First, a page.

Taisha is the author of today’s entry. She writes:
This photo of Berberis vulgaris, or barberry, was taken by Monceau@Flickr (and shared via the Botany Photo of the Day Flickr Pool). The inspiration for this entry originates from the results of a study published a few months ago. The press release associated with the study, “Are plants more intelligent than we assumed?“, was forwarded to us by a UBC colleague and instructor, Dr. David Brownstein. Thank you to Monceau@Flickr and David for contributing to today’s post!
The journal article published was Adaptive and selective seed abortion reveals complex conditional decision making in plants by Meyers et al.. In the study, the researchers document ecological evidence in Berberis vulgaris for “plant intelligence” and behaviour. Behaviour, they note, is the response of an organism to internal or external stimuli. In plants, behaviour is most often expressed in the form of growth and development. Only rarely has plant behaviour been documented as a result of interactions with other trophic levels (e.g., consumers or parasites of plants). In the case of plants of Berberis vulgaris, adaptive and selective seed abortion in response to predation by a species of fruit fly was documented.
Berberis vulgaris is a deciduous shrub found in dry scrub and open forests throughout Europe. This species is predated upon by the European specialist fruit fly, Rhagoletis meigenii. The fruit flies oviposit (usually) one egg per fruit, and the larva will then feed upon the seeds within the fruits. In the developed fruit of barberry, there are typically two seeds. As the larva develops and feeds it will consume most of both seeds, indicating that more than one seed is needed for optimum development of the larvae. As a defense response, the barberry plants have the ability to abort the development of the initially-infested seed, and thereby starve the larva. This both saves the remaining seed and halts resource allocation to the damaged seed.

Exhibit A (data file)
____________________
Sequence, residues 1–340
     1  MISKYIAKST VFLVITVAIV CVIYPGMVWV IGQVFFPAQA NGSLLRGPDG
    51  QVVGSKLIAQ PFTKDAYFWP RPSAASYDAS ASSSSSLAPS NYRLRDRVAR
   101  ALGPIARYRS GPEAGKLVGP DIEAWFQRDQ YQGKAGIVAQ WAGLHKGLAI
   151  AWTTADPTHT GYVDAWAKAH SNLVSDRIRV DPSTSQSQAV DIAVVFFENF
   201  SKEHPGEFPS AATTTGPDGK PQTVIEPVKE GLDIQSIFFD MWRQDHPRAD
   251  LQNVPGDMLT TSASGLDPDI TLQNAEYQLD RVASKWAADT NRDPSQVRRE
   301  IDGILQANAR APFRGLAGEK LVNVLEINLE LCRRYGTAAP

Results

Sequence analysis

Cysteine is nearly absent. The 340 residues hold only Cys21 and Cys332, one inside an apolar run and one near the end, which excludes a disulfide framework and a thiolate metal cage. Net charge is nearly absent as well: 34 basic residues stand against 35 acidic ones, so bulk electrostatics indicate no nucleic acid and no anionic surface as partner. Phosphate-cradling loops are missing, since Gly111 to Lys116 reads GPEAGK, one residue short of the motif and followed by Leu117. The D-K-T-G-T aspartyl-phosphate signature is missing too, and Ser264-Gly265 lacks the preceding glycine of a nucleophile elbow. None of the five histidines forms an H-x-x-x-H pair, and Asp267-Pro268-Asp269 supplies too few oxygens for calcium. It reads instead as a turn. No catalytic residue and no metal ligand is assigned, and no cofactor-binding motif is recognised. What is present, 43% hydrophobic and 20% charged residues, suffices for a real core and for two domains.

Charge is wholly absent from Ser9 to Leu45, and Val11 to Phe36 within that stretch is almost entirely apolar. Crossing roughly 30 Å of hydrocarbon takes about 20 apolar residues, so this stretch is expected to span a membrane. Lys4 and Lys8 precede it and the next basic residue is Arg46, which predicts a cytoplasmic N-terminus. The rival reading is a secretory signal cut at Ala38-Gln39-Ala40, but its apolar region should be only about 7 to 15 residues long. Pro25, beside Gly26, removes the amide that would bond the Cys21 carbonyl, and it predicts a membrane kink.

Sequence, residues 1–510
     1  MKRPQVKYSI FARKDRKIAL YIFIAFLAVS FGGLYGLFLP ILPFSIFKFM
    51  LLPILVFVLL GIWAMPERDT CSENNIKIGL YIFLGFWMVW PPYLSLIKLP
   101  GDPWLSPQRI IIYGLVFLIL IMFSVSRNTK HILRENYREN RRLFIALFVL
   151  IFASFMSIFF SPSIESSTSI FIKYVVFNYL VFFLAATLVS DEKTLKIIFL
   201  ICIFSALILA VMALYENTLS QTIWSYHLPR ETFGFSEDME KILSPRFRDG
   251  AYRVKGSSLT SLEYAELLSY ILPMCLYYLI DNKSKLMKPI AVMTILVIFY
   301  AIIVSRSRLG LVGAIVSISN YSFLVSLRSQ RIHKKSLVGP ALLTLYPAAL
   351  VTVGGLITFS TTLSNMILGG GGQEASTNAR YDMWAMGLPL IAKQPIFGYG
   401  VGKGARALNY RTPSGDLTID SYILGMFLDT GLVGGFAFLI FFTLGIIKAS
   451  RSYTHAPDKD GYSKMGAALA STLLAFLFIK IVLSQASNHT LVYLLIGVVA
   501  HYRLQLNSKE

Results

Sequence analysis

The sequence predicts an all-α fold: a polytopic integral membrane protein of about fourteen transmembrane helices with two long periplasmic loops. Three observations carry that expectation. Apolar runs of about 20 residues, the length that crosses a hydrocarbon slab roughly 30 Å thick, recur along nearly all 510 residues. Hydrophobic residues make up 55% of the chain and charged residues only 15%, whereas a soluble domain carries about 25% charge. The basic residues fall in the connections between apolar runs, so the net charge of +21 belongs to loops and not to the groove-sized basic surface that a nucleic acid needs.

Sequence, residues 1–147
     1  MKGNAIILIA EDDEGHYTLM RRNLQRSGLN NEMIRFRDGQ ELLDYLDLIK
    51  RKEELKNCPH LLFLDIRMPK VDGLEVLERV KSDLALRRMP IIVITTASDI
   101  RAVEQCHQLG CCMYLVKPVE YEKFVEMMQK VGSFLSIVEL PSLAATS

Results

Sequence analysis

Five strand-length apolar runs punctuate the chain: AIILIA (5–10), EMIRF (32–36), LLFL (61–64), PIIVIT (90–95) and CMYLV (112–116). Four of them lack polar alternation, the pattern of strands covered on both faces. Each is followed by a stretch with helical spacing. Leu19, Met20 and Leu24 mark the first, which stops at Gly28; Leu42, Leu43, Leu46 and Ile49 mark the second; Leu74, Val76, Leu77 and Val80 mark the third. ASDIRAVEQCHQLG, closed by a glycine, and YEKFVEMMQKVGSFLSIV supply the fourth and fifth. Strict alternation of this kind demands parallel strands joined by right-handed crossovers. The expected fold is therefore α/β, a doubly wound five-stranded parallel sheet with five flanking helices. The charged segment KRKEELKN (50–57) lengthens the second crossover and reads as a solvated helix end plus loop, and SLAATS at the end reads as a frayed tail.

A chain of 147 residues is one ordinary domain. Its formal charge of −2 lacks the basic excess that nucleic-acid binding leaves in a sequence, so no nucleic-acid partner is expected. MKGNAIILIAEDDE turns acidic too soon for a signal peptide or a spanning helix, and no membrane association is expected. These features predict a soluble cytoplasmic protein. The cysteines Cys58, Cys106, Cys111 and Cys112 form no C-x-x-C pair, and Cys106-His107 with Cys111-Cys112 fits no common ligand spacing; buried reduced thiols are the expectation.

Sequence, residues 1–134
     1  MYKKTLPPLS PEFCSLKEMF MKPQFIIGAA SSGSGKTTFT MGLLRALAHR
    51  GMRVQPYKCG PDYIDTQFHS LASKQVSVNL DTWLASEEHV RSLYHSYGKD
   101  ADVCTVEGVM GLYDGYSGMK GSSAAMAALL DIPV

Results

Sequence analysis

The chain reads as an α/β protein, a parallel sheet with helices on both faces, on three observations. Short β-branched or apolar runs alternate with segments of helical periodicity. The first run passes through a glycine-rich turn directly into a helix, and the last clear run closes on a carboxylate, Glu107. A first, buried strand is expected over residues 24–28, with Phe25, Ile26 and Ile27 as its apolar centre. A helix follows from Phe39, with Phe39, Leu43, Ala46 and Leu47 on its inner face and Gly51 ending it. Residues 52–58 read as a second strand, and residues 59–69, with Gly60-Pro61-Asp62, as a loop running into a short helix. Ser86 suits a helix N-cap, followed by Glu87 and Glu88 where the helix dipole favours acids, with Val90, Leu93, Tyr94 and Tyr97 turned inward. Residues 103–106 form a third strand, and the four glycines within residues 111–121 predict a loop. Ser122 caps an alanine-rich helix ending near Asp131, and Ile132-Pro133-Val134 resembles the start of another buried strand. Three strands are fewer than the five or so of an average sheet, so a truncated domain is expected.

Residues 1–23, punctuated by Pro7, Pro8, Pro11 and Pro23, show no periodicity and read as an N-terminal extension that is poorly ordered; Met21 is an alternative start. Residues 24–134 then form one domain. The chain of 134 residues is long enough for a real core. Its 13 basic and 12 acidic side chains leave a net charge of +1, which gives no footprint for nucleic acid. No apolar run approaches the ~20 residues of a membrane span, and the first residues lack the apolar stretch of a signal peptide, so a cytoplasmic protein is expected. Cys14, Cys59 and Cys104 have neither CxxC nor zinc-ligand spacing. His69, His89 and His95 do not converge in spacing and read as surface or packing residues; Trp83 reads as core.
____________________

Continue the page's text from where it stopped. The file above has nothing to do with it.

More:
However, the researchers also discovered that the infested seeds are not always aborted. It depends (at least in part) on the number of seeds within the fruit and the presence of environmental stressors. If there are two seeds, then barberry will abort the infested seed 75 percent of the time in order to save the intact seed. However, if only one seed is within the fruit, the infested seed is aborted only about 5 percent of the time. This selective seed abortion response provides a fitness advantage to the host plant, as there may be a small chance the larva will die and the seed will remain functional. Additionally, if there is an external stressor such as water constraints, seed mortalities are greatly increased–but only if another intact seed exists (allowing the parent plant to save resources for better conditions).
This conditional behaviour of seed abortion is what the researchers claim is the ecological evidence for simple reasoning and complex decision-making in Berberis vulgaris. This complex behaviour sheds light on behavioural abilities of plants and on coevolutionary relationships. But, it also raises questions on the evolution of these coordinating capabilities and the physiological mechanisms.